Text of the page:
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Cerebral arterial pulsatility is associated with features of small vessel disease in patients with acute stroke and TIA: a 4D flow MRI study
Umeå University, Faculty of Medicine, Department of Clinical Sciences, Neurosciences. Umeå University, Faculty of Medicine, Department of Pharmacology and Clinical Neuroscience.ORCID iD: 0000-0001-6331-4283
Umeå University, Faculty of Medicine, Department of Radiation Sciences. Umeå University, Faculty of Medicine, Umeå Centre for Functional Brain Imaging (UFBI).ORCID iD: 0000-0001-6784-1945
Umeå University, Faculty of Medicine, Department of Radiation Sciences. Umeå University, Faculty of Science and Technology, Centre for Biomedical Engineering and Physics (CMTF).
Umeå University, Faculty of Medicine, Department of Pharmacology and Clinical Neuroscience.ORCID iD: 0000-0001-6451-1940
2020 (English)In: Journal of Neurology, ISSN 0340-5354, E-ISSN 1432-1459, Vol. 267, no 3, p. 721-730Article in journal (Refereed) Published
Abstract [en]

Cerebral small vessel disease (SVD) is a major cause of stroke and cognitive impairment. However, the underlying mechanisms behind SVD are still poorly understood. High cerebral arterial pulsatility has been suggested as a possible cause of SVD. In population studies, arterial pulsatility has been linked to white matter hyperintensities (WMH), cerebral atrophy, and cognitive impairment, all features of SVD. In stroke, pulsatility data are scarce and contradictory. The aim of this study was to investigate the relationship between arterial pulsatility and SVD in stroke patients. With a cross-sectional design, 89 patients with acute ischemic stroke or TIA were examined with MRI. A neuropsychological assessment was performed 1 year later. Using 4D flow MRI, pulsatile indices (PI) were calculated for the internal carotid artery (ICA) and middle cerebral artery (M1, M3). Flow volume pulsatility (FVP), a measure corresponding to the cyclic expansion of the arterial tree, was calculated for the same locations. These parameters were assessed for associations with WMH volume, brain volume and cognitive function. ICA-FVP was associated with WMH volume (β = 1.67, 95% CI: [0.1, 3.24], p = 0.037). M1-PI and M1-FVP were associated with decreasing cognitive function (β = - 4.4, 95% CI: [- 7.7, - 1.1], p = 0.009 and β = - 13.15, 95% CI: [- 24.26, - 2.04], p = 0.02 respectively). In summary, this supports an association between arterial pulsatility and SVD in stroke patients, and provides a potential target for further research and preventative treatment. FVP may become a useful biomarker for assessing pulsatile stress with PCMRI and 4D flow MRI.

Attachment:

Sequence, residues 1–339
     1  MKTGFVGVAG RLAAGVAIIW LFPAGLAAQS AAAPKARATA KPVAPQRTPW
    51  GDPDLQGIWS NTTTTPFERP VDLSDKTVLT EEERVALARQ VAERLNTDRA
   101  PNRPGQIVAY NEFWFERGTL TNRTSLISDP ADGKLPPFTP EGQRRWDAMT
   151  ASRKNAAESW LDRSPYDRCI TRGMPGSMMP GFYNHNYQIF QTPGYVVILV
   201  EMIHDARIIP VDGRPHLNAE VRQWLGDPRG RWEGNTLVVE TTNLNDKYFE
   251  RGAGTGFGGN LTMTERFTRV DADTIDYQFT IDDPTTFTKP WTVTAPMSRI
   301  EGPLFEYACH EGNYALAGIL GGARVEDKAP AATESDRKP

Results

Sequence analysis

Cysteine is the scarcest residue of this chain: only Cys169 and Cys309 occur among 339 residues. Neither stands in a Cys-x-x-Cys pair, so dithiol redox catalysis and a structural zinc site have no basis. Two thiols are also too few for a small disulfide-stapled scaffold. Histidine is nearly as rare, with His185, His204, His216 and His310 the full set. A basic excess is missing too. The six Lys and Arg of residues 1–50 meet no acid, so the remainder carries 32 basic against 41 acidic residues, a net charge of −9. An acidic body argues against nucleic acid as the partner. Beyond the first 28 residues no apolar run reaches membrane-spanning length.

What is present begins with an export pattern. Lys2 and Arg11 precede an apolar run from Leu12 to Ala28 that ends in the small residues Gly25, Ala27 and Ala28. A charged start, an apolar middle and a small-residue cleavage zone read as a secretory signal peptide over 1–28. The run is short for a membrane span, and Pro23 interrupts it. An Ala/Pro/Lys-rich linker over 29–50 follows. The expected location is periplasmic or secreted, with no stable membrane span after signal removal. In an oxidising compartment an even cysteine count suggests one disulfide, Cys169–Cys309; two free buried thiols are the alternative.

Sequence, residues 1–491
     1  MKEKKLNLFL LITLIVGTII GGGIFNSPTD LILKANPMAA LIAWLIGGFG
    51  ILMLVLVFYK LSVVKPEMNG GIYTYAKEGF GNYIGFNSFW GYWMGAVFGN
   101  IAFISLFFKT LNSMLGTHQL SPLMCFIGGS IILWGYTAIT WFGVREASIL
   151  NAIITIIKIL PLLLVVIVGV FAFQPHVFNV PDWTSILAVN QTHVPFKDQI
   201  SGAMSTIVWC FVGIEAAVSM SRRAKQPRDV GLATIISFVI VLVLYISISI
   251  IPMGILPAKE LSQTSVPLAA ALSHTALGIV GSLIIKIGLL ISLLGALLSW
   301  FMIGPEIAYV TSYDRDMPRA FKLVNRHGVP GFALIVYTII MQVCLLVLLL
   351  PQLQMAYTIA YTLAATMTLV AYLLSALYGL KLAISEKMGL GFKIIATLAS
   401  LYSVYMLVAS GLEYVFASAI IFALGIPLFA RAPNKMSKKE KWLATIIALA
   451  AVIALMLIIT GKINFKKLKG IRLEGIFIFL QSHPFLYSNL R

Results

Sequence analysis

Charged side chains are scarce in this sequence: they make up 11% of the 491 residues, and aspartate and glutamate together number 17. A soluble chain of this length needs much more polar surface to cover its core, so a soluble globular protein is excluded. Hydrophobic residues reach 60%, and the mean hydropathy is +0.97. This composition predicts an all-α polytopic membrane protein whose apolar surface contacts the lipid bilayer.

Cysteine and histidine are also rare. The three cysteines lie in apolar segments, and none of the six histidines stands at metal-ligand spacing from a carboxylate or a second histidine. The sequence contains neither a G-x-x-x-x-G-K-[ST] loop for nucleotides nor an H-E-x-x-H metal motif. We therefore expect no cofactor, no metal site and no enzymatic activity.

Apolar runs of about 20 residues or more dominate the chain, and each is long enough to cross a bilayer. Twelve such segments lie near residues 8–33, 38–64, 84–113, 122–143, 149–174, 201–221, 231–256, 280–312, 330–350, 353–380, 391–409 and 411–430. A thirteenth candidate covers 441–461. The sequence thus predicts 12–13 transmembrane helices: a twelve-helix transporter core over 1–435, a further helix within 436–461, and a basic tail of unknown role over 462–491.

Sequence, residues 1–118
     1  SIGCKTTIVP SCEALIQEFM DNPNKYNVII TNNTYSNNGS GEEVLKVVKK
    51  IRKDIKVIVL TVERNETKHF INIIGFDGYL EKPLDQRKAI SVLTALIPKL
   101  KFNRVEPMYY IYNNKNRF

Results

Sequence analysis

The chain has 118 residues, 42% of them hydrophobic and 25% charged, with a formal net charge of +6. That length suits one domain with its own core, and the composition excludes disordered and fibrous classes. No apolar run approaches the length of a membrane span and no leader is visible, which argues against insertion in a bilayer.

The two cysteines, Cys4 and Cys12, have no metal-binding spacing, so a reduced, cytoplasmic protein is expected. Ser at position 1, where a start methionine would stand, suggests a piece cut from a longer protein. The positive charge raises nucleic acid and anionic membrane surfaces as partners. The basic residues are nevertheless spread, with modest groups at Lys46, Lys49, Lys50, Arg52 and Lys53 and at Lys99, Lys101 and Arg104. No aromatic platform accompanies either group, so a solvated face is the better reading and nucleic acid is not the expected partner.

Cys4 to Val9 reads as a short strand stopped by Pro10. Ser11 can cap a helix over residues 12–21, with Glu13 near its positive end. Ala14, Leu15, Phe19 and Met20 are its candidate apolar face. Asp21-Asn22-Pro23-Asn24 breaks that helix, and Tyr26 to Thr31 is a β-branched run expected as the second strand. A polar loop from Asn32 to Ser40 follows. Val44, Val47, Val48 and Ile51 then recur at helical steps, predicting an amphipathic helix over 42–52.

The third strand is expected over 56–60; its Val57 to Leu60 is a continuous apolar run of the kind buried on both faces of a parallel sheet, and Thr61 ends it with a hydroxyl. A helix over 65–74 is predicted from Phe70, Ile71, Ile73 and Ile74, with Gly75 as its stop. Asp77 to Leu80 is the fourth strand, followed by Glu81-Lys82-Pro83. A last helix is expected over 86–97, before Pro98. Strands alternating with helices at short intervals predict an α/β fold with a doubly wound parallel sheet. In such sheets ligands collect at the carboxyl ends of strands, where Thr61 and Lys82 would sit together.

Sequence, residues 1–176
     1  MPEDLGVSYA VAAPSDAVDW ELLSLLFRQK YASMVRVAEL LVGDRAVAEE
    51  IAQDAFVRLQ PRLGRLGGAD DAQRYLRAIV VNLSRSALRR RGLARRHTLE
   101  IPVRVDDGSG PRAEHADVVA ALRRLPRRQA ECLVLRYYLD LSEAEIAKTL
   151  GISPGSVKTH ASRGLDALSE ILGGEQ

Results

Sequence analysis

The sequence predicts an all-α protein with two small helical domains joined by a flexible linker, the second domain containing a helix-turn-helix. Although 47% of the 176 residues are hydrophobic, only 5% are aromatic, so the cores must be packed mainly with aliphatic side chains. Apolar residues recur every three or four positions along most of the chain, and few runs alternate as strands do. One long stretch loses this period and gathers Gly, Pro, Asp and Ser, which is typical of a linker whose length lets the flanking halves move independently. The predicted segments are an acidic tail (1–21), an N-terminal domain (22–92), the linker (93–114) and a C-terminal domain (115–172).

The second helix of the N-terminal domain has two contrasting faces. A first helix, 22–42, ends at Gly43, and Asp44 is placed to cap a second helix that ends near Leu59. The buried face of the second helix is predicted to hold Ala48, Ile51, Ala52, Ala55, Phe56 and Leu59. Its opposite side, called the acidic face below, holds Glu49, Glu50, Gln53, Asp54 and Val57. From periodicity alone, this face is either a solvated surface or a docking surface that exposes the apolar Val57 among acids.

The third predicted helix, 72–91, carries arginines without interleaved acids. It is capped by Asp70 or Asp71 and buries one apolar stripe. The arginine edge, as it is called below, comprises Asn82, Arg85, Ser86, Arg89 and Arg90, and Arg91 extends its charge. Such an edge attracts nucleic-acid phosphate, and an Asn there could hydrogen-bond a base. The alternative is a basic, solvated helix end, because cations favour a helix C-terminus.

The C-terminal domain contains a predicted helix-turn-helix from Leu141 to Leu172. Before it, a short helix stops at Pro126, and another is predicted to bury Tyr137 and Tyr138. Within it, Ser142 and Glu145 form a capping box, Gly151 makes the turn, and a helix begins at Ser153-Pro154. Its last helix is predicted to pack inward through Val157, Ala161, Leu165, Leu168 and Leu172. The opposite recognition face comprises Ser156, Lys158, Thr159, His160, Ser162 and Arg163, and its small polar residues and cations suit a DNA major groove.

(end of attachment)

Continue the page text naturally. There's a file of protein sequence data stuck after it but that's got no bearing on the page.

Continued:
Place, publisher, year, edition, pages
Springer, 2020. Vol. 267, no 3, p. 721-730
Keywords [en]
4D flow MRI, Pulsatile index, Pulsatility, Small vessel disease, White matter hyperintensities
National Category
Neurology
Research subject
Neurology
Identifiers
URN: urn:nbn:se:umu:diva-167287DOI: 10.1007/s00415-019-09620-6ISI: 000515353700019PubMedID: 31728712OAI: oai:DiVA.org:umu-167287DiVA, id: diva2:1385691
Funder
Swedish Research Council, 2015-05616Swedish Research Council, 2017-04949Swedish Heart Lung Foundation, 20110383Swedish Heart Lung Foundation, 20140592The Swedish Brain FoundationAvailable from: 2020-01-15 Created: 2020-01-15 Last updated: 2020-03-19Bibliographically approved

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Birnefeld, JohanWåhlin, AndersEklund, AndersMalm, Jan
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NeurosciencesDepartment of Pharmacology and Clinical NeuroscienceDepartment of Radiation SciencesUmeå Centre for Functional Brain Imaging (UFBI)Centre for Biomedical Engineering and Physics (CMTF)
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